As each floor became vacant a different approach was taken to accommodate the various layouts/office orientation. The comprehensive range of Daikin equipment available allowed us to install various different systems including simple split, multi type and mini VRV systems, together with heat recovery ventilation in certain internal office areas. Combinations of wall mounted, ceiling mounted cassettes, and under ceiling four way blow cassettes were installed over a period of three years.
Each floor now has its own dedicated system(s) with individual control and operated via new electrical distribution boards on each floor, linked to meters in the basement, so that it is a simple matter for the Landlord to apportion running costs to each tenant. All the systems are inverter driven heat pump type giving excellent COP’s (coefficient of performance) and low operating costs. R410A refrigerant gas is used in all the new systems, the latest highly efficient gas with a low GWP (Global Warming Potential). All the systems also qualified for ECA (Enhanced Capital Allowance) meaning that the client could claim the full cost of the installation against profits in the first year rather than over several years.
Case Study written by Graham Osborn, Sales Manager.
Planned preventative maintenance or servicing is a vital tool in sustaining your air conditioning system’s efficiency. It is definitely not a waste of time! When you buy a car for example, it is never just the initial outlay you spend. You spend further money looking after the car with services to help extend the cars life and maintain its efficiency. Air conditioning equipment is exactly the same. It is normally recommended that the equipment is serviced at least once a year to comply with the manufacturers warranties, although depending on the environment in which the equipment is used, it can be beneficial to service it more regularly.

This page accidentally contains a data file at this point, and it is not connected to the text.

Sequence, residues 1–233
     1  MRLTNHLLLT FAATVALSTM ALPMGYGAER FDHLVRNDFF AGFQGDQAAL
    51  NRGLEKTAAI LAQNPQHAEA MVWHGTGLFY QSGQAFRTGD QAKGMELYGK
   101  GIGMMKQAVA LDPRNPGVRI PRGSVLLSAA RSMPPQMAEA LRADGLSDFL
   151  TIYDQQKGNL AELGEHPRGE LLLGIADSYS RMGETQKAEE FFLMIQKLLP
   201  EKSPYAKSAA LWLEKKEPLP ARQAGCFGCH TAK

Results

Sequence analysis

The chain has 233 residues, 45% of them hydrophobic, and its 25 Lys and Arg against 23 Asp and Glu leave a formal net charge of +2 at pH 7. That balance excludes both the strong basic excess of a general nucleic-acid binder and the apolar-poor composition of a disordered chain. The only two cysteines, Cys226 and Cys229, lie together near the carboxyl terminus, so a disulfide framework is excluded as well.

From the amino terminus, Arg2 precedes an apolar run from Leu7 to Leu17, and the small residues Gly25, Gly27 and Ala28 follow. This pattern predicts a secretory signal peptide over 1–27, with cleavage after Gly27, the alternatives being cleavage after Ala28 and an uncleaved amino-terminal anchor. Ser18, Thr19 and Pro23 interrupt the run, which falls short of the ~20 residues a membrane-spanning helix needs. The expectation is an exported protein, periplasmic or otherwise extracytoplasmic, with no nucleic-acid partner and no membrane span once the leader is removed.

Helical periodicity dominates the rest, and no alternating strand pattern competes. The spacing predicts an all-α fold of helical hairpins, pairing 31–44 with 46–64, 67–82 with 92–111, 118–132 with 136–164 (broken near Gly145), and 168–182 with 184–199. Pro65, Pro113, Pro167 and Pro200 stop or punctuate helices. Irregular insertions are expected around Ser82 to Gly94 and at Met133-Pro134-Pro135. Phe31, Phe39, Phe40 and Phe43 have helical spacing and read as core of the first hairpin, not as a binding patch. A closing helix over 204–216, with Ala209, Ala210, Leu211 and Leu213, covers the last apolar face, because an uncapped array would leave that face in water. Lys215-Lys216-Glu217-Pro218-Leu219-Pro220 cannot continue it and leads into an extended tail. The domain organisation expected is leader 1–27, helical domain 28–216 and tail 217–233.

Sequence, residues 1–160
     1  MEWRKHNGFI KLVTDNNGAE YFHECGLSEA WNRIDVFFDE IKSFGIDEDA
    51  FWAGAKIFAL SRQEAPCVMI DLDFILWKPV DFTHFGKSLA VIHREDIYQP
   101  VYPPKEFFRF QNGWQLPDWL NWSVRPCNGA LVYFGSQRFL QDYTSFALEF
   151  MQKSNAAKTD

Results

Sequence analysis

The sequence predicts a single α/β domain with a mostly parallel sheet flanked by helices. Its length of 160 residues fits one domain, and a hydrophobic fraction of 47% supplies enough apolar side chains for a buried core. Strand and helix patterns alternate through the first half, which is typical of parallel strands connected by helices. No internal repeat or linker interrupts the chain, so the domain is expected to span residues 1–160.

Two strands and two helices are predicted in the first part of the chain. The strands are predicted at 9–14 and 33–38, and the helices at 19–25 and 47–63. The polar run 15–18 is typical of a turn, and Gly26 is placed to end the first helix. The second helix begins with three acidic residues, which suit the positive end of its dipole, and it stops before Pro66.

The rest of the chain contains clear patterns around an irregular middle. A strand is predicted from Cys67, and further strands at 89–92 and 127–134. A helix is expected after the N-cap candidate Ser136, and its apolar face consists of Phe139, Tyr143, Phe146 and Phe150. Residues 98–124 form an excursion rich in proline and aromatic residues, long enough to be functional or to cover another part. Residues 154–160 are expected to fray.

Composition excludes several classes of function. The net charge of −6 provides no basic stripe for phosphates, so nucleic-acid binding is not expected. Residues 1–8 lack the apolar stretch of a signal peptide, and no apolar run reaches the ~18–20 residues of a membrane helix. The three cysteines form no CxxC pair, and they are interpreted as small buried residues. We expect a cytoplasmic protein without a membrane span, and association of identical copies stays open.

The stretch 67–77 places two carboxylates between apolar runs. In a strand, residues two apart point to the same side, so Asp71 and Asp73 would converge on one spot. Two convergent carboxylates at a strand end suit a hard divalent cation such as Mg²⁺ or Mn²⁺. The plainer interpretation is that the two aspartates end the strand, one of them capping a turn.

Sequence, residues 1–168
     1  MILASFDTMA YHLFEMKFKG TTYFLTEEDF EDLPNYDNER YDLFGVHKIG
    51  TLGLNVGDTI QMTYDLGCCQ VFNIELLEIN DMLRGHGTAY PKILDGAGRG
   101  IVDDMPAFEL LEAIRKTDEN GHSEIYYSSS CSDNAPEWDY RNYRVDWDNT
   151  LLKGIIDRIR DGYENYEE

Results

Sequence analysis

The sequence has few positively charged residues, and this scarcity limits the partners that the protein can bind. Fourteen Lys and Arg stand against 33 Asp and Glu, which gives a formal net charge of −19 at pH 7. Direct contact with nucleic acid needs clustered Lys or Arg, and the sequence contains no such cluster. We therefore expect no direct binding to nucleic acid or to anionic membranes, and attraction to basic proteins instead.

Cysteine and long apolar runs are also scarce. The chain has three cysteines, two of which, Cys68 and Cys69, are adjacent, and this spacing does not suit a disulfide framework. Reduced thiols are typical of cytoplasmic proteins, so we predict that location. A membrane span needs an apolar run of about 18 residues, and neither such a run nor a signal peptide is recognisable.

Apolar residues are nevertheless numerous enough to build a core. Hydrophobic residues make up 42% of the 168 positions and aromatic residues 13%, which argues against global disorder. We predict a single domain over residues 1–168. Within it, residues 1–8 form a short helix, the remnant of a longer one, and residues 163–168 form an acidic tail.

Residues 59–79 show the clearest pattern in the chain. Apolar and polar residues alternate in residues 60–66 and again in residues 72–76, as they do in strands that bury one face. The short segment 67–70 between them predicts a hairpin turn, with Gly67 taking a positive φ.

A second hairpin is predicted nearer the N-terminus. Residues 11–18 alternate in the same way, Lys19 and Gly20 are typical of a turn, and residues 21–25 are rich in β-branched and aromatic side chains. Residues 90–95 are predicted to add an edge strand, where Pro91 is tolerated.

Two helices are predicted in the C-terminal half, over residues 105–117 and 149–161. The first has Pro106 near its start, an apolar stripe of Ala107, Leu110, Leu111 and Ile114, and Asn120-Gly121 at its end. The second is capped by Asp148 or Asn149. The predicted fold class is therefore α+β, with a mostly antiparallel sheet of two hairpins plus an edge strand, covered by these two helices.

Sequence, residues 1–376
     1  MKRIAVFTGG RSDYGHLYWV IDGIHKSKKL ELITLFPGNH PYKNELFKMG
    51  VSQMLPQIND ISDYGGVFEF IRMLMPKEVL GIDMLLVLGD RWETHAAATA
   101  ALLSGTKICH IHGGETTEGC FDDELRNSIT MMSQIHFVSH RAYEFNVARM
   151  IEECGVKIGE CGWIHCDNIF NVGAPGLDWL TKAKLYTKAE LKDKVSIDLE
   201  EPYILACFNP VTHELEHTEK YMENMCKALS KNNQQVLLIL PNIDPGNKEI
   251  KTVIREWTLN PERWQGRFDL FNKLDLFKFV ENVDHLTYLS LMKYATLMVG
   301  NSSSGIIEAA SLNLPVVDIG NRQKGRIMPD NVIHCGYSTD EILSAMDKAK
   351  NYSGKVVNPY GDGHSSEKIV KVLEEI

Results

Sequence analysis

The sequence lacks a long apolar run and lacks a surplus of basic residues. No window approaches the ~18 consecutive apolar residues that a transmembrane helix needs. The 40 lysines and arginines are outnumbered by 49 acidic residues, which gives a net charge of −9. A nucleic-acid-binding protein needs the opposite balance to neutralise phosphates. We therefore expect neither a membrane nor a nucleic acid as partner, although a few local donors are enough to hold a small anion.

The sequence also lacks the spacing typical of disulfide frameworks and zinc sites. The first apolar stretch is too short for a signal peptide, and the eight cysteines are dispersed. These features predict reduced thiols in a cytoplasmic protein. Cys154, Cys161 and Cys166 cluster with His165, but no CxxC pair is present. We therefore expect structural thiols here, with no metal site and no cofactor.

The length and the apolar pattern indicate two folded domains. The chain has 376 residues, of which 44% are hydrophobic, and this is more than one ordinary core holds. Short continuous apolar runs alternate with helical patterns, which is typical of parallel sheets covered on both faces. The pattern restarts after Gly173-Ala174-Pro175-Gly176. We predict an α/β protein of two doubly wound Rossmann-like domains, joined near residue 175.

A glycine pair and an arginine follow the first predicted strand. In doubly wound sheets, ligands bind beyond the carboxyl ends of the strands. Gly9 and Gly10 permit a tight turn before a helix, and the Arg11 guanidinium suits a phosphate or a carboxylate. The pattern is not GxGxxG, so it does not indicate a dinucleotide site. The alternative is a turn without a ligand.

For example, a veterinary’s practise would need servicing a lot more regularly than your average work office. This is due to small particles in the air, such as animal hairs which get sucked up into the filter. If left, the filter will become partially blocked and less effective as the air conditioning struggles to suck in air from the room. The aim of good maintenance is to also ensure the system performs to its full potential and does not break down.
A lot of people are unaware of the legal implications of owning an air conditioning system too. In July 2007 EC regulation set standard leakage checking requirements for air conditioning equipment containing 3 kg or more of fluorinated greenhouse gases. All systems within scope of this regulation should have an equipment record which includes information on the gas charge. Where the cause of the leakage has been identified, it has to be indicated in the equipment records too. Air Improve staff are certified under the F Gas Regulations and are able to carry out the above to ensure your company complies with the necessary legislations.
When arranging your maintenance it is worth checking the benefits of a contract with the servicing firm. For example, most firms will charge more for a ‘one off’ visit, rather than an annual maintenance contract. An annual contract (when compared to a ‘one off’ visit) also saves the hassle of remembering when the equipment is due to be serviced as the air conditioning firm will keep all this information for you, with normally a letter, email or phone call before the scheduled visit to arrange convenient servicing time.